Friday, March 04, 2022

Obysuf: A Lazy Programmer's First Attempt at a Roblox Game

To inspire my Nieces and Nephew to see Roblox as a platform to create games, not just play them, I decided I should code my own.

The biggest hurdle to tackling this challenge is that I don't play games; Roblox or otherwise. Me crafting a game is like someone writing a novel who's never actually read one.

Still, I couldn't resist giving this a try.

My first step was to run through Introduction to Roblox Studio tutorial. Here I coded my very first game, an absurdly short obstacle course. Or is it's known in gamer lingo, an 'obby'.

But now what? Carefully crafting an obby would take hours of meticulous effort. To a lover of this art form, this would be fun. For myself it seemed like tedious work. And then it hit me: why not code the game so that it generates itself?

And with that, Obysuf was born. 'Ainsuf' is the Hebrew word for infinity, and if all went to plan, that's what I'd get: an infinitely long Obby that I didn't have to create from scratch.

After many false starts, I ended up with the following initialization code:

spawn(1,, 0, 0));
spawn(1,, 0, 0));
spawn(1,, 0, -12));
spawn(1,, 0, 12));

These lines of code create four different Parts for the user to jump to. They are positioned around the user's SpawnLocation.

The magic happens when a Part is touched and the following code is executed:

function touched(depth, part)
	return function(source)
		if(part.BrickColor == untouchedColor and (source.Name == "RightFoot" or source.Name == "LeftFoot")) then
			part.BrickColor = touchedColor;
			local currentCf = part.CFrame;
			local gap = fuzz(depth * .1, depth * 1) + fuzz(-3, 3);
			local sX = (part.Size.Z + 2.5 + gap) * direction(part.Position.X);
			local sZ = (part.Size.X + 2.5 + gap) * direction(part.Position.Z);
			local sY = fuzz(-5, 5);
			local rX = math.deg(fuzz(1, 100) > 50 and fuzz(-3, 3) or 0);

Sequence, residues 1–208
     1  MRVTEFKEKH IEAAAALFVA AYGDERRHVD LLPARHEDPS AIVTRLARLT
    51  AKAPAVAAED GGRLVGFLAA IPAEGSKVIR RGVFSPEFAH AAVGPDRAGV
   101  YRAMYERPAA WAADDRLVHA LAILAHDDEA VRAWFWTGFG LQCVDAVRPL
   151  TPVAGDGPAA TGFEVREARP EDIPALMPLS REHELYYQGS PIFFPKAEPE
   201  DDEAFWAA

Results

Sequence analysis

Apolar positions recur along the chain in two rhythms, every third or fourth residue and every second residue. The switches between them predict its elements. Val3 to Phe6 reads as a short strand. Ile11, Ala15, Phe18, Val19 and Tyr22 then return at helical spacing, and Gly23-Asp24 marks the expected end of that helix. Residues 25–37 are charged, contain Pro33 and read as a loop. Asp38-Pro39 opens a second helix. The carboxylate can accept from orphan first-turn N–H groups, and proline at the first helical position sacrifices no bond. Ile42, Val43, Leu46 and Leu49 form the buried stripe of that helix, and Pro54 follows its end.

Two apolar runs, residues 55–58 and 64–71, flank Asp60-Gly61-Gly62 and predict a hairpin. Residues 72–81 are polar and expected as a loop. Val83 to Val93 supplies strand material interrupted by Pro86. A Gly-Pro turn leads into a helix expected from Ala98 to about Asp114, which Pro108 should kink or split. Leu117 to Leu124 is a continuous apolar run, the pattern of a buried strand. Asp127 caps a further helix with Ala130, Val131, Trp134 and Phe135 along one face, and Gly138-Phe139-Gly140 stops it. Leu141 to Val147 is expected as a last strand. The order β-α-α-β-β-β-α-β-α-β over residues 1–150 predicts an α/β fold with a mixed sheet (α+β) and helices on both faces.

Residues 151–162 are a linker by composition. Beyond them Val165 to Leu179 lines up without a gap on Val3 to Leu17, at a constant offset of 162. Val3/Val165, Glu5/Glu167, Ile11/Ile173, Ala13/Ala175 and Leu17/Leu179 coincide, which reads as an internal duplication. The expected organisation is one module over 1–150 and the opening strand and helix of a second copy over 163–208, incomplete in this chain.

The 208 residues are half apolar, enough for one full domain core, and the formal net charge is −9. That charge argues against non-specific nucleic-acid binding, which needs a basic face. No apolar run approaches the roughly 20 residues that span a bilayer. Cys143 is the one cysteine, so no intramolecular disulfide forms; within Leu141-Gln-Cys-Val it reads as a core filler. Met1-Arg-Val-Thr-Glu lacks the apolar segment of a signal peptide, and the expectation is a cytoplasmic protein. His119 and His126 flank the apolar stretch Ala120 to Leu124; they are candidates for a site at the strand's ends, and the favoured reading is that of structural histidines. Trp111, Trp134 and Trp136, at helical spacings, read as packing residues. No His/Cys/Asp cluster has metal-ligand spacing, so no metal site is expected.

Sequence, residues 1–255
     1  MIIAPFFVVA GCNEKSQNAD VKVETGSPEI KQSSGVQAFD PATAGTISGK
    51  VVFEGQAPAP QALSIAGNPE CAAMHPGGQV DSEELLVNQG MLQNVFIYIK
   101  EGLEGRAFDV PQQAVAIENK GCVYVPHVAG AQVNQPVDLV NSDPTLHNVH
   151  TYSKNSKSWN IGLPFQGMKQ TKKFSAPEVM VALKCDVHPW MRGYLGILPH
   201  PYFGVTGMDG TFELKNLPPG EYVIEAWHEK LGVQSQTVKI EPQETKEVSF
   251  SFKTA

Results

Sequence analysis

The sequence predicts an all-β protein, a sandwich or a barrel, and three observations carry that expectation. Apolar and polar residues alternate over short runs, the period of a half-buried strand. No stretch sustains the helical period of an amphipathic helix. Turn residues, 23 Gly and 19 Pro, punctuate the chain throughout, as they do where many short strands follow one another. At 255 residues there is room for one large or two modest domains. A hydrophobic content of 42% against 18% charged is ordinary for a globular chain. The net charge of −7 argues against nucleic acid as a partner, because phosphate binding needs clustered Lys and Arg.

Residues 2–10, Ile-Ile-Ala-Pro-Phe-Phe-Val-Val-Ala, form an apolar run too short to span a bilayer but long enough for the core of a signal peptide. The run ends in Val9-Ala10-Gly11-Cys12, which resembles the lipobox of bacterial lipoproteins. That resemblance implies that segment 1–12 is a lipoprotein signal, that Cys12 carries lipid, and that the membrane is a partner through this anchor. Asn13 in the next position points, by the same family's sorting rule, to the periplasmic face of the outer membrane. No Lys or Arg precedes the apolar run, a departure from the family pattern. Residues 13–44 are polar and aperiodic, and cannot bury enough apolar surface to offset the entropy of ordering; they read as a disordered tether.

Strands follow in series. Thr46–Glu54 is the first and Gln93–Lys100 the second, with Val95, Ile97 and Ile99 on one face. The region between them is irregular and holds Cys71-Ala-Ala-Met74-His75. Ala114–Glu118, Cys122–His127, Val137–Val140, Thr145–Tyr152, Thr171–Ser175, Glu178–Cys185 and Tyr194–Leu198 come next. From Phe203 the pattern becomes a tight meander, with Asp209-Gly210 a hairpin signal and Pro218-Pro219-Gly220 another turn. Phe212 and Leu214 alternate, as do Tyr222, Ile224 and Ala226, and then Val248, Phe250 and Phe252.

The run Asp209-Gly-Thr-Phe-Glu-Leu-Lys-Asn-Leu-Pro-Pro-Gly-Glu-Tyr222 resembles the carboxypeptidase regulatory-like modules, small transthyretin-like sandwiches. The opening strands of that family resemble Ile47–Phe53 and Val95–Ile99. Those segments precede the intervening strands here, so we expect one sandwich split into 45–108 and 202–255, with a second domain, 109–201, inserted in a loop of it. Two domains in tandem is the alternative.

local rY = math.deg(fuzz(1, 100) > 50 and fuzz(-3, 3) or 0);
			local rZ = math.deg(fuzz(1, 100) > 50 and fuzz(-3, 3) or 0);

			local twist = CFrame.Angles(rX, rY, rZ);
			local nextCf = (currentCf +, sY, sZ)) * twist;
			spawn(depth + 1, nextCf);

If the Part still has the untouchedColor, then the system knows this part hasn't been visited yet. Knowing this, the system can grant the user a point, change the color of the Part to the touchedColor and most importantly spawn a new Part. This freshly minted Part uses the fuzz function to add some randomness to its look and placement.

And that's essentially it. Every time the player lands on an obstacle the system will generate a fresh one for them to visit.

I'm really impressed with how little code I had to write before I could see Obysuf do something useful. Even in this very crude form, I found that after I died I'd check my point score and instinctually want to try again to best it.

Of course, I'm a long way from calling this a high quality game. The obstacles are being positioned too regularly, and I need to add more factors that impact the user's score. Still, it's a solid start and gives me some serious street cred when the kids start talking about gaming in Roblox.

You can play Obysuf on Roblox over here. And you can access the source code here.

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